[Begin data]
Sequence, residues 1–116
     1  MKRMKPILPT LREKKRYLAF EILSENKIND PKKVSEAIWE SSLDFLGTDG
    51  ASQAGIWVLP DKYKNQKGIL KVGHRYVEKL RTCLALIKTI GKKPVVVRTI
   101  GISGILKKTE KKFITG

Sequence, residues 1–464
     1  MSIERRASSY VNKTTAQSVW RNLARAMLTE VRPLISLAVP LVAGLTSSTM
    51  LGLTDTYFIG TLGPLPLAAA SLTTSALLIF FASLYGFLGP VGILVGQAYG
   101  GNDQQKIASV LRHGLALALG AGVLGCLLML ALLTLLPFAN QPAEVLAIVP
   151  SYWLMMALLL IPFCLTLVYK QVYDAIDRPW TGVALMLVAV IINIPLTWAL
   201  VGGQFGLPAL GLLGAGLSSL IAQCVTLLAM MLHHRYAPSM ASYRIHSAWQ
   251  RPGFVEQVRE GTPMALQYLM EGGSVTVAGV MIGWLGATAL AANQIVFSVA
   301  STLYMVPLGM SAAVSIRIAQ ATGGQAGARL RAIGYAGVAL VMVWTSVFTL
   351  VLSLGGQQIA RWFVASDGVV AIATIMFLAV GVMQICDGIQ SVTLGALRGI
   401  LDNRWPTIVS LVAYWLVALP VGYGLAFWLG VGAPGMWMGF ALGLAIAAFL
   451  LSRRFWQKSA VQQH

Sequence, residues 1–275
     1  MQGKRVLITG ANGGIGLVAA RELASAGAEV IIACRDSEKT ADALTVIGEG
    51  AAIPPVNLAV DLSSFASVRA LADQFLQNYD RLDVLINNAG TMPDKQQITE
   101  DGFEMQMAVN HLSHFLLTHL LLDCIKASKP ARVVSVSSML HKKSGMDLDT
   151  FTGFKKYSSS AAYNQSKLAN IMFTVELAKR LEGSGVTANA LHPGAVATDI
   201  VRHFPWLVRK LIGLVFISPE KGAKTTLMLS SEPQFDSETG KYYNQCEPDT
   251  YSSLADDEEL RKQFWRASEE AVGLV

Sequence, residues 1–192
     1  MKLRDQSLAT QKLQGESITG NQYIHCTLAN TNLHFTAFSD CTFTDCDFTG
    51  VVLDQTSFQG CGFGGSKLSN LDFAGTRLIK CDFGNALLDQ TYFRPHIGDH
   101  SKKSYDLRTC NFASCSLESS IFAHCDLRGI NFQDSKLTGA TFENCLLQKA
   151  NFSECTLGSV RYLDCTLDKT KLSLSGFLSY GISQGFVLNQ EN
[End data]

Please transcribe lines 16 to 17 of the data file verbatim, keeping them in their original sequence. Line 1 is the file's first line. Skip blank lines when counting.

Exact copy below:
Sequence, residues 1–275
     1  MQGKRVLITG ANGGIGLVAA RELASAGAEV IIACRDSEKT ADALTVIGEG